As lockdown ends, people are experiencing "re-entry anxiety". Counsellor Sarah Barr shares tips to help you manage things day-by-day:

The lockdown cloud is slowly starting to lift and whilst some of us are eager to feel a sense of normality again in our lives, the prospect of a ‘new normal’ can bring some new anxieties.

Re-entry anxiety, is a specific type of stress related to the fear of being unable to or not wanting to return to previous routines.

For many people there may be a fear of returning to our old pre-covid routines. Lockdown has created a safe bubble for many people and the thought of that bubble bursting can create feelings of worry and anxiety.

Some people find the thought of a ‘new normal’ frightening and the fear of the unknown overwhelming.

We have never lived through a pandemic in our lifetime and re-entry anxiety is inevitable, but it can be done at your own pace.

Here are a couple of tips to help you manage your anxiety around re-entry:

• Take one day at a time

You can adjust to Phase 3 in your own time, please don’t feel pressured into having to do everything at once, especially if it triggers anxiety.

Maybe try to slowly build your confidence again if you are feeling anxious about leaving your home. If you’re going for a walk maybe take a break and sit on a bench for a few minutes or meet up with a friend to have a coffee (whilst following government advice). This will help you to feel more comfortable in other peoples company again.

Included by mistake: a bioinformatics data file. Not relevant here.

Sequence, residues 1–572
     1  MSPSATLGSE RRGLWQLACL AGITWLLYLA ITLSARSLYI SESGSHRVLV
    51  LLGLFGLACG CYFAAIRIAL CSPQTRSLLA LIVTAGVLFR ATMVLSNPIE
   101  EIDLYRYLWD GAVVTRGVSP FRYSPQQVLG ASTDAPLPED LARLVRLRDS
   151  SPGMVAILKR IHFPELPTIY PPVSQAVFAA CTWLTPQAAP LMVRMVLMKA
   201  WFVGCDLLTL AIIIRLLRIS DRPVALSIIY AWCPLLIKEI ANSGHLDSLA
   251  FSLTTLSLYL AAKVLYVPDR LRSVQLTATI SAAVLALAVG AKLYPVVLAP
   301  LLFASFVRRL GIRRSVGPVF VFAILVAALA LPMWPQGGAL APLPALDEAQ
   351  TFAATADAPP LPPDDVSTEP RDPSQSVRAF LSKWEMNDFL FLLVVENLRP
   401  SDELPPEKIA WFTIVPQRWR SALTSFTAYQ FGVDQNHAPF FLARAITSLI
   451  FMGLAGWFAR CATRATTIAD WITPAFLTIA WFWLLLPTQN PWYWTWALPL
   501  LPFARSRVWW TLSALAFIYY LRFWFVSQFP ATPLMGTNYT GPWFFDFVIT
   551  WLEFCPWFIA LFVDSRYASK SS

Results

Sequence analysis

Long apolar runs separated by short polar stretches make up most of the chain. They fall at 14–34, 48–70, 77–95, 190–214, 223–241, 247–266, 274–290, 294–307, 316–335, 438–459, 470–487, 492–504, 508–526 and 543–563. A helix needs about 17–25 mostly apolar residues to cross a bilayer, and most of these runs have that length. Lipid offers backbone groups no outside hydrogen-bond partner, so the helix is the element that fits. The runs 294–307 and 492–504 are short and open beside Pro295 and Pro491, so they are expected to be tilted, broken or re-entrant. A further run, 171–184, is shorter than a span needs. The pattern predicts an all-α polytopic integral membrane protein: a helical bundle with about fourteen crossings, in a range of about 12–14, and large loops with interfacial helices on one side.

• Stay focused

Things may not turn out as you had planned and you might struggle with mood swings and a general feeling of unease.

One technique you can try is to find a comfortable place in your house and take ten minutes doing some breathing exercises to help create a feeling of calm.

If you are worried about taking a panic attack, try practising 10 minutes of mindfulness a day by tuning into all of your senses.
Ask yourself:
What can you see, hear, smell, touch and taste?

If you’re struggling with re-entry anxiety, try not to put too much pressure on yourself and take control of the things that are in your reach.

Your doctor can refer you to a counsellor in your area if you feel you would benefit from extra support.

Take care, Sarah.